Sartre's Nausea: Text, Context, Intertext

Sartre's Nausea: Text, Context, Intertext

Sartre's Nausea: Text, Context, Intertext

Sartre's Nausea: Text, Context, Intertext


Twenty-five years after his death, critics and academics, film-makers and journalists continue to argue over Sartre's legacy. But certain interpretations have congealed around his iconic text Nausea, tending to confine it within the framework provided by the later philosophical work, Being and Nothingness. This volume opens up the text to a range of new approaches within the fields of English and Comparative Literature, as well as Philosophy and French Studies, under the headings: Text', Context', and Intertext': the textual strategies at work within the novel; the literary, cultural and philosophical context of its production; and the intertextual web within which it is situated. This volume will interest a wide public of teachers, students and all those who want to reconsider Sartre's legacy in the twenty-first century.


The chapters in this volume have been developed from papers presented at 'Nausea 2004: Why Study Jean-Paul Sartre's Nausea Today', a conference held at the University of Newcastle, New South Wales, in July 2004 at the initiative of Dr Alistair Rolls, whose experience of teaching Nausea both in French (to students in French Studies programmes) and in translation (to students of English literature) convinced him of the necessity to consider the novel afresh, freed from the baggage of traditional interpretations and the perspectives of hindsight. Students from different disciplines have correspondingly different expectations of the text, and its teachers, too, develop an understanding of it that is drawn from their own pedagogical as well as research-focussed commitments. We felt that certain aspects of the text – notably its value as a piece of creative writing and the artistic and literary context out of which it evolved – have been eclipsed by its iconic status as an Urtext of French Existentialism. It was our particular design, therefore, to recognise Nausea's status as a trans-disciplinary chameleon and to reveal the dynamic role that it can continue to play in dialogue with a wide range of texts, when placed in new literary and disciplinary contexts. The chapters in this volume, contributed by writers from a range of academic and literary areas, seek to offer fresh perspectives on the text and to show how much it has still to offer.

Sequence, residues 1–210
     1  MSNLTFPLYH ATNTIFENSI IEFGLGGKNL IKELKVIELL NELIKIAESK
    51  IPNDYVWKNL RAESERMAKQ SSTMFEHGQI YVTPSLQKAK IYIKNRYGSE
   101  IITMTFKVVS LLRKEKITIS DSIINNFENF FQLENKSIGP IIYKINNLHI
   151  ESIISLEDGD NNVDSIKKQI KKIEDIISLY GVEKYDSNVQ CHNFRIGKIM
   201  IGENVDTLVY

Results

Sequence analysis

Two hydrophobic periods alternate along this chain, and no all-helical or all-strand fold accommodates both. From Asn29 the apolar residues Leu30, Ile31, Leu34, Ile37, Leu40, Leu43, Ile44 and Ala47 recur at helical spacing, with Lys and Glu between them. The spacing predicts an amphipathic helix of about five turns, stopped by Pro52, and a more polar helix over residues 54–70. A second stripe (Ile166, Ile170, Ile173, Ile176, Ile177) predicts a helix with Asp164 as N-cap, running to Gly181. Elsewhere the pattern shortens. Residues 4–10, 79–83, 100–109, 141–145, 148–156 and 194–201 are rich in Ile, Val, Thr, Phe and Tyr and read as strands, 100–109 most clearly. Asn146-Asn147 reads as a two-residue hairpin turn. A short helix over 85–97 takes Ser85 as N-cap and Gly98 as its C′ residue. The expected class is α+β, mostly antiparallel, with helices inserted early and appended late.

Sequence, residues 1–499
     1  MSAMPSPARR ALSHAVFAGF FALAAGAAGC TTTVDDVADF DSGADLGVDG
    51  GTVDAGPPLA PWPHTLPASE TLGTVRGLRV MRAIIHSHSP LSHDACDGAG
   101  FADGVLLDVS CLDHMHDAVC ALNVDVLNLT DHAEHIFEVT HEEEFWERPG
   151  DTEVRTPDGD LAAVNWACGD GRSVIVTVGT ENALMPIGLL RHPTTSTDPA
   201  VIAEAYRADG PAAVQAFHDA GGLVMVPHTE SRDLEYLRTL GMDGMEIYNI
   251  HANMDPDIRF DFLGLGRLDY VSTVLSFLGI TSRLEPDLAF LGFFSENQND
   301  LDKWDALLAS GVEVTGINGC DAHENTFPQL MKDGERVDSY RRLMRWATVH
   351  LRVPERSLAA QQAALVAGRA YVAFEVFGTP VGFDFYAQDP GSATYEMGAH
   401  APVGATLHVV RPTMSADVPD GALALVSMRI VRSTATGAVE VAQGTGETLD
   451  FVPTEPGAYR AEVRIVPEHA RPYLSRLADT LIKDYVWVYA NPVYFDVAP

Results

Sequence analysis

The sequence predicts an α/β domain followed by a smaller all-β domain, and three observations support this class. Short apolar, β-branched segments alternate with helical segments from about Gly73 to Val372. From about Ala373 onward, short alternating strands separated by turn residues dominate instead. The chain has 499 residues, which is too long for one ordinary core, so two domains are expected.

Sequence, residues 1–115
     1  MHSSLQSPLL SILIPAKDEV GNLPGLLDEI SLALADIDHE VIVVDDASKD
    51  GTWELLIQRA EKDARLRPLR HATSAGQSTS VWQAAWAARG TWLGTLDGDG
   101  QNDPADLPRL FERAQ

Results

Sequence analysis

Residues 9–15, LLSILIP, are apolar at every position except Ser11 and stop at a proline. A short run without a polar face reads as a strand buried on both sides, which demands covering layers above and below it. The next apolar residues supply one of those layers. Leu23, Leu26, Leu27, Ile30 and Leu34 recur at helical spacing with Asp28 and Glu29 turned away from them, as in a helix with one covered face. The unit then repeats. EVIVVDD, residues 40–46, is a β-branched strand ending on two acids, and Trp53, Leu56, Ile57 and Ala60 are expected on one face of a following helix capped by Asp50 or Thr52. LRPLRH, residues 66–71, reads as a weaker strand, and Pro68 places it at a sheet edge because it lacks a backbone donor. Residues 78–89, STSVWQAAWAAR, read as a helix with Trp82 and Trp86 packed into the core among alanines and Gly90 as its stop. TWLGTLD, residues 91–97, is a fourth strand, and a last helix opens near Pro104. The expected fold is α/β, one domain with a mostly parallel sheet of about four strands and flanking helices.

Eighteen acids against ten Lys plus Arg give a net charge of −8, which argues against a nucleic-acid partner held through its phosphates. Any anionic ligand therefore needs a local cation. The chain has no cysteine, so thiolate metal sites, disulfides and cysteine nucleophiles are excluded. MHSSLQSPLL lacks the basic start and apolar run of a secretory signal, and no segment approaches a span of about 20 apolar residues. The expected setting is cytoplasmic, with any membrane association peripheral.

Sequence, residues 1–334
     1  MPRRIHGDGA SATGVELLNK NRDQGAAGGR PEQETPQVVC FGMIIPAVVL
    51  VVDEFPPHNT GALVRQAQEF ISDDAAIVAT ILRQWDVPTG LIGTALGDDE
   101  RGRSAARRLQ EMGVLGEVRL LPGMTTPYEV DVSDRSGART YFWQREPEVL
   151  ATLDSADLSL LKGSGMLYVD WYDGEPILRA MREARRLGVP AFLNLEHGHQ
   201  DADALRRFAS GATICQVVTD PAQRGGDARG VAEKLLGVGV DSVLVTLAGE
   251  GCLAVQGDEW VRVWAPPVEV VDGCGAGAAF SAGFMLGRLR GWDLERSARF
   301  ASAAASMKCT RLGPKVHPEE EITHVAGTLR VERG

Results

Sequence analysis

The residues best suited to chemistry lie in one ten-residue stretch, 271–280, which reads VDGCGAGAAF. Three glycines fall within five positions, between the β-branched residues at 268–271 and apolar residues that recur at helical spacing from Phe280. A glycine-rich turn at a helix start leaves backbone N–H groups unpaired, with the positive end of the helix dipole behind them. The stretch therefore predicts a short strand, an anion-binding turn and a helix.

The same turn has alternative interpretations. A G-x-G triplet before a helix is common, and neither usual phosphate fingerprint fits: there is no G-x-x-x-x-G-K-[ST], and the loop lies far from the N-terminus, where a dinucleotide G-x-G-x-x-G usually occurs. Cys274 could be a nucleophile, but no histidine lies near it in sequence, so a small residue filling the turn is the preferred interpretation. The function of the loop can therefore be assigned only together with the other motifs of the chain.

Because our authors are generally working with the Englishlanguage version of the text, references will be made throughout to the translation by Robert Baldick (Penguin 2000) and will be given by using a page number in brackets after each quotation.

The Editors would like to thank the School of Language and Media at the University of Newcastle, and particularly Professor Hugh Craig and Karyn Asher, for their support, and the University of Sydney for financial assistance. We also express our appreciation to Melanie Safon for her careful editing of the text.

E.R. A.R.

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